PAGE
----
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 Table of Contents  
ORIGINAL ARTICLE
Year : 2019  |  Volume : 16  |  Issue : 1  |  Page : 54-59

Left ventricular echocardiographic nomograms in a cohort of normal term neonates in Ibadan


Department of Paediatrics, College of Medicine, University College Hospital, University of Ibadan, Ibadan, Nigeria

Date of Submission11-Jun-2019
Date of Acceptance12-Jun-2019
Date of Web Publication22-Oct-2019

Correspondence Address:
Prof. Samuel I Omokhodion
Department of Paediatrics, College of Medicine, University College Hospital, University of Ibadan, Ibadan
Nigeria
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Source of Support: None, Conflict of Interest: None


DOI: 10.4103/njc.njc_13_19

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  Abstract 


Background: Previous studies on neonatal cardiac dimensions in Africa were cross-sectional, evaluating mainly children with very few newborns. This study was carried out in a cohort of normal newborns with normal maternal cardiotocograms, systemic finding, and pulse oximetry at birth.
Materials and Methods: One-hundred and twenty term normal newborns were recruited from March 2015 to December 2015 from the Adeoyo Maternity Teaching Hospital and the University College Hospital, Ibadan, Oyo State, Southwest Nigeria. The mothers were monitored during labor using cardiotocography 7 fetal/maternal monitor to ensure that the baby suffered no perinatal stress. Pulse oximetry was also done at birth. Left ventricular dimension in diastole, left ventricular posterior wall thickness in diastole, left ventricular dimension in systole, and left ventricular posterior wall thickness in systole and aortic dimension were measured at birth and weekly till 28 days using M-mode according to American Society of Echocardiography.
Results: All mothers recruited had spontaneous vaginal delivery with normal cardiotocographic measurements. Appearance, pulse, grimace, activity, and respiration scores ranged between 7–8 at 1 min and 8–10 at 5 min. There were 60 (50%) males and 60 (50%) females. All of the left ventricular measurements showed a linear increase in their values with age. Nomograms have been plotted based on age using 95% confidence interval.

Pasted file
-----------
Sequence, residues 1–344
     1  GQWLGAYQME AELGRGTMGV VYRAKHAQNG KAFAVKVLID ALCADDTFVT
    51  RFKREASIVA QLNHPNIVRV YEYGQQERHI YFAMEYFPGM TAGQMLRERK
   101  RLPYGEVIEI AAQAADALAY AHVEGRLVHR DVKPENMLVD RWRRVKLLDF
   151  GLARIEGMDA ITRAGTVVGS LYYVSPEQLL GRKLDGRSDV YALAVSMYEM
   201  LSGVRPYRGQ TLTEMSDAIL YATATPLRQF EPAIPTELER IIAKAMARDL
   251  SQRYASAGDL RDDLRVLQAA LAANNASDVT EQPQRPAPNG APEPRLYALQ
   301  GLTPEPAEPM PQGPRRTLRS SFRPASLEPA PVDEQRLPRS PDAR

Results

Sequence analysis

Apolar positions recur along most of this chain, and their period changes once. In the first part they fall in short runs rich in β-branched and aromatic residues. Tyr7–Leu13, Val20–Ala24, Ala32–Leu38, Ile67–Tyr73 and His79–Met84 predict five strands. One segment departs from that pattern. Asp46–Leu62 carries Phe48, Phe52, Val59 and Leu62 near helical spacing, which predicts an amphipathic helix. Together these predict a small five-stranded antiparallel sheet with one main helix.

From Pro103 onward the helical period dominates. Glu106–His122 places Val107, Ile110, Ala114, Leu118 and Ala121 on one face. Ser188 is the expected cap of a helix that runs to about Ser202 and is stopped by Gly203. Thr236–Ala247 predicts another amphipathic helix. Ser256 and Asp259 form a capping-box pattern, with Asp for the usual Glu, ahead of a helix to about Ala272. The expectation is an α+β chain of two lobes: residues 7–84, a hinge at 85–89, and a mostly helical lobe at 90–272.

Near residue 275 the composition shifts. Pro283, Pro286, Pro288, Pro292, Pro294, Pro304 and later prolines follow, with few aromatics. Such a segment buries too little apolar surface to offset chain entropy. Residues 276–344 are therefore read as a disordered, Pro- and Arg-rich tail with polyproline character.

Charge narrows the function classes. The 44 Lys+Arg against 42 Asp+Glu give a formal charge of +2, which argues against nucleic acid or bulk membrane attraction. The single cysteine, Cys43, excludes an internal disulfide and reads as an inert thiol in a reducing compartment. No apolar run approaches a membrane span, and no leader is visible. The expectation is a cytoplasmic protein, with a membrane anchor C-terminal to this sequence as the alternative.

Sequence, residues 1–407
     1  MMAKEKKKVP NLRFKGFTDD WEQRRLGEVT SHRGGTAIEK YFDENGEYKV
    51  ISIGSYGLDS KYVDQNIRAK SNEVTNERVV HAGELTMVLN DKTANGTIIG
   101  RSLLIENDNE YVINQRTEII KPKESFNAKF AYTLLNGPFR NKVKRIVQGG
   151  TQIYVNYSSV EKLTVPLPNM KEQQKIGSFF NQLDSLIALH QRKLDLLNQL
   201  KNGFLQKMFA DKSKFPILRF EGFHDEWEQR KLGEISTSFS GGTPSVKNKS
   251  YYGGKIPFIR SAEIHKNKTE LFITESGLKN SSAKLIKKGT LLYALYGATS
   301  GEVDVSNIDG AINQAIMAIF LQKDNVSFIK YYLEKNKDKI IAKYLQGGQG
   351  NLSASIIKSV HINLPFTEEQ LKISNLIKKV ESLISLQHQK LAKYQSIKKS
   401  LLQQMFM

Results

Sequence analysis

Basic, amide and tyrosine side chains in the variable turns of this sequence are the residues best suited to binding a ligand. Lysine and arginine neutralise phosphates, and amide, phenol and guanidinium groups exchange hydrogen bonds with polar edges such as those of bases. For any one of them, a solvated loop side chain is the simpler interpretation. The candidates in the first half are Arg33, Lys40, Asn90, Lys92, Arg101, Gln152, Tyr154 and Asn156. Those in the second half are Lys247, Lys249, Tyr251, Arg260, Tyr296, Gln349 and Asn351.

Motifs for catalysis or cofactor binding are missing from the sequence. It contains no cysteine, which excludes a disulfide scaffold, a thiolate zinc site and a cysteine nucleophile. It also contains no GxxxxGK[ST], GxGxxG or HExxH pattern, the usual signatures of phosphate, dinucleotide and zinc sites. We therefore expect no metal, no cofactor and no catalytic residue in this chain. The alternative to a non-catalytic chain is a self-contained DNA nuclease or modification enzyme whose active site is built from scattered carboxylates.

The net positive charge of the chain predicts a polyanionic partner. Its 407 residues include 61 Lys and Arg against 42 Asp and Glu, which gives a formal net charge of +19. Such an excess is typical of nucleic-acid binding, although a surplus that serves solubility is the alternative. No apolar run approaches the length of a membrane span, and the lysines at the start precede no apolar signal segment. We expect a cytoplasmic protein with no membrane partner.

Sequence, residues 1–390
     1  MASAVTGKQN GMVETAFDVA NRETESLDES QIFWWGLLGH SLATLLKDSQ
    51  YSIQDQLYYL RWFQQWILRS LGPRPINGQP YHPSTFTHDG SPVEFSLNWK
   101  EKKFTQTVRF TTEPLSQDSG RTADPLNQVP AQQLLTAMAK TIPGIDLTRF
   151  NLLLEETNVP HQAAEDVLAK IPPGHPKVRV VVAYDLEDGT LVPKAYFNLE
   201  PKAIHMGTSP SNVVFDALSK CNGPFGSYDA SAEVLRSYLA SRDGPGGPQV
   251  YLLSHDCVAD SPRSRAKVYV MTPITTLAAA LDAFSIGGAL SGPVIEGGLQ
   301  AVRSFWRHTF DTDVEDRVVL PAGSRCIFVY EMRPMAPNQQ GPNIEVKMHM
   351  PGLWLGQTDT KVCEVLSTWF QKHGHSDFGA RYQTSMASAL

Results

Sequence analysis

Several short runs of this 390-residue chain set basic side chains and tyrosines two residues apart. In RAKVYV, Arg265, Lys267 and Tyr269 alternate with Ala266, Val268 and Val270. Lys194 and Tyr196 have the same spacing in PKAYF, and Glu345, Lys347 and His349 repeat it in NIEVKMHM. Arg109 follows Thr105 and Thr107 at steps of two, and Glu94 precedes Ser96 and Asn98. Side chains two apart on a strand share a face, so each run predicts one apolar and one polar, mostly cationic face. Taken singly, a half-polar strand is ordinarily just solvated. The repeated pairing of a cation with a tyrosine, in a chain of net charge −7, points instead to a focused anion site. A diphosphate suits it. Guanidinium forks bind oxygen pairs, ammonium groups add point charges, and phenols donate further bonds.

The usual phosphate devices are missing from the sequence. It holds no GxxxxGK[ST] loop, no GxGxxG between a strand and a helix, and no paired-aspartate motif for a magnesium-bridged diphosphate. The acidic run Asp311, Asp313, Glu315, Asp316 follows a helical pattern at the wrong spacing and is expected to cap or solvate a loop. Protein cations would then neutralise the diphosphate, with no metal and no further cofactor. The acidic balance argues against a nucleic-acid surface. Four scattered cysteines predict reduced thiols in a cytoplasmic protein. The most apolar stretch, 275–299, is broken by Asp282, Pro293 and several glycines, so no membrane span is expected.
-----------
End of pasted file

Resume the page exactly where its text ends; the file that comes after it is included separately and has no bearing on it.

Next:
Conclusion: This study has shed some light on the possibility of deriving normal values of echocardiographic dimensions for this age group and derived nomogram. This has added to the already existing data on the nomograms of the newborn, especially in the Nigerian Newborn.

Keywords: Echocardiographic, left ventricular, nomograms, normal term neonates


How to cite this article:
Ayede AI, Ashubu O, Ogunkunle O, Omokhodion SI. Left ventricular echocardiographic nomograms in a cohort of normal term neonates in Ibadan. Nig J Cardiol 2019;16:54-9

How to cite this URL:
Ayede AI, Ashubu O, Ogunkunle O, Omokhodion SI. Left ventricular echocardiographic nomograms in a cohort of normal term neonates in Ibadan. Nig J Cardiol [serial online] 2019 [cited 2019 Nov 15];16:54-9. Available from: http://www.nigjcardiol.org/text.asp?2019/16/1/54/269646




  Introduction Top


An echocardiographic quantitative evaluation of the cardiac and vascular structures is often of critical importance for the diagnosis and management of congenital heart diseases.[1] There is a need to study a large proportion of healthy newborns so as to avoid bias in the clinical decision-making process. There is also a need for the development of graphs following the derivation of these parameters to allow measurements of a single patient to be compared to normal measurements of individuals with similar anthropometric parameters.[2] Echocardiography of normal neonates has shown a linear increase in aortic root diameter with increasing birth weight.[3] Quantitative evaluation of cardiac chamber dimensions in pediatric echocardiography is quite important, but nomograms for these structures are limited. Previous studies on neonatal cardiac dimensions in Africa were cross-sectional, evaluating mainly children with very few newborns, and the use of pulse oximetry as well as cardiotocographic evaluation during labor was not employed. This study was therefore carried out in a cohort of normal newborns defined as those with normal maternal cardiotocograms during latter phase of labor and normal pulse oximetry at birth.


  Materials and Methods Top


Study design

This was a longitudinal cohort study of 120 healthy newborns.

Study site

One-hundred and twenty term normal newborns were recruited from March 2015 to December 2015 from the Adeoyo Maternity Teaching Hospital and the University College Hospital, Ibadan, Oyo State, Southwest Nigeria. These are the two hospitals with the highest referrals in the state and which serve the entire Ibadan metropolis and environs.

Ethical approval

The ethical approval for the study was obtained from the University of Ibadan/University College Hospital Institutional Review Board (IRB) and the Ethical Review Committee of Oyo State Ministry of Health (AD13/479/530).

Study participants